Winter is Coming: Get Ahead on Maintenance
Get a jump on winterizing your equipment so you don’t get left out in the cold. Now is the time to take the proper precautions so that your equipment can stay productive through the most frigid conditions.
Get Things Started
If your fleet sits in the cold all night, your machinery will need time to get warmed up. Fluids need to circulate, and joints and hinges may need to be lubricated. Be proactive and perform regular inspections, especially during the winter. Below are some key areas of your equipment to keep an eye on:
- Ether Start System: When starting in cold conditions, diesel engines require a controlled amount of ether to reduce rough combustion and high cylinder pressures. The lack of this assistance can result in broken pistons and piston rings, as well as piston scuffing.
- Coolant System: Make sure you keep the radiator clean, belts and hoses in good condition, use water that meets the recommended specification, use proper antifreeze mix, add coolant conditioner on schedule, and take a coolant sample at each engine oil change interval.
- Tire Tread and Pressure: Having sufficient tread is vital as slippery conditions put your machines at risk of sliding. Cold weather also makes maintaining proper tire pressure more difficult, and underinflated tires can lead to lower fuel efficiency.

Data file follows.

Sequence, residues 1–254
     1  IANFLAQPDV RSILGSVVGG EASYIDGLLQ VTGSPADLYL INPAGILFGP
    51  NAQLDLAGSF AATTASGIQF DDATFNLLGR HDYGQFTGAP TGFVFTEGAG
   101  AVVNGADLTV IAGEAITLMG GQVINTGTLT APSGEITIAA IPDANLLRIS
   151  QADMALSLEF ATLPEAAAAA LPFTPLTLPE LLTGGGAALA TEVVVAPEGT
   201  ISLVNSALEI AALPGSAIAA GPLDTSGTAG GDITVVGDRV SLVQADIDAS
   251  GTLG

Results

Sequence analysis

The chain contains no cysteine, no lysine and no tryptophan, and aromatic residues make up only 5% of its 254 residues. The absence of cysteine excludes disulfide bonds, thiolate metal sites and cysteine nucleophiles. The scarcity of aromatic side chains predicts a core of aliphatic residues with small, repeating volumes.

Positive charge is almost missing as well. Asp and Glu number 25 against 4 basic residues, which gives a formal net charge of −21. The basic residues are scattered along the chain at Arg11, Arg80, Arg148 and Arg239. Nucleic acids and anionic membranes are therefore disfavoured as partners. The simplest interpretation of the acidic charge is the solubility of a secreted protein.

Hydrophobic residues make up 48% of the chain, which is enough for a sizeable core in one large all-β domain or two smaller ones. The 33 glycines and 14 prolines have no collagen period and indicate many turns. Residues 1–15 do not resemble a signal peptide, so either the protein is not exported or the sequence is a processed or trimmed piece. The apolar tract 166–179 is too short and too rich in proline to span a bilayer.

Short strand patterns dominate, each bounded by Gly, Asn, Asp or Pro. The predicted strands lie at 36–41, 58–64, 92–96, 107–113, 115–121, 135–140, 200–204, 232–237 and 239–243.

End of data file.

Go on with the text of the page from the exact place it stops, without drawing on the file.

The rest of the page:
- Battery Charge: Your battery function is likely to be impacted by the cold. Regularly check the charge on batteries before startup and watch out for any corrosion. Never attempt to jump-start a frozen battery.
- Fluids and Lubricants: Fluids can thicken, clog filters, and strain hoses so check for leaks and build-up. Always top off your fuel tank to avoid moisture collecting and crystalizing in your tank as well.
Winter is the darkest time of year so optimizing visibility and knowing your surroundings is the best way to maintain on-site safety. Here are some things to keep in mind during operation.
- Defrosters, Wipers, and Lights: Good visibility is essential, especially with shorter daylight hours. Keep your windows free of condensation and replace broken headlights immediately.
- Heaters: Heat will prevent muscles from stiffening and inhibiting operation, so check your heating systems before temperatures drop.
- Watch Your Site: Snow and ice can obscure your site and cover material that can damage tires. If your worksite is close to water, beware of hidden ice that can crack or cause your machinery to slide.
Shutting It Down
Ideally, equipment should be stored inside to protect it from the elements and keep fluids from solidifying. If that is not an option, there are measures you can take to protect your equipment outside.
- Park on Raised Surfaces: Your equipment can freeze to the ground if it’s left outside overnight in frigid temperatures. Park equipment on a raised surface, like planks, to prevent tire damage.
- Elevate Attachments: Like tires, attachments can get stuck to the ground during winter. Raise them up or place them on planks to reduce strain on machinery joints.
It’s critical that your machine’s engine valve adjustment, ether start system, and cooling system be maintained at proper operating specifications. Carter Machinery will inspect your entire fleet to prevent unnecessary downtime, short component life, or failures.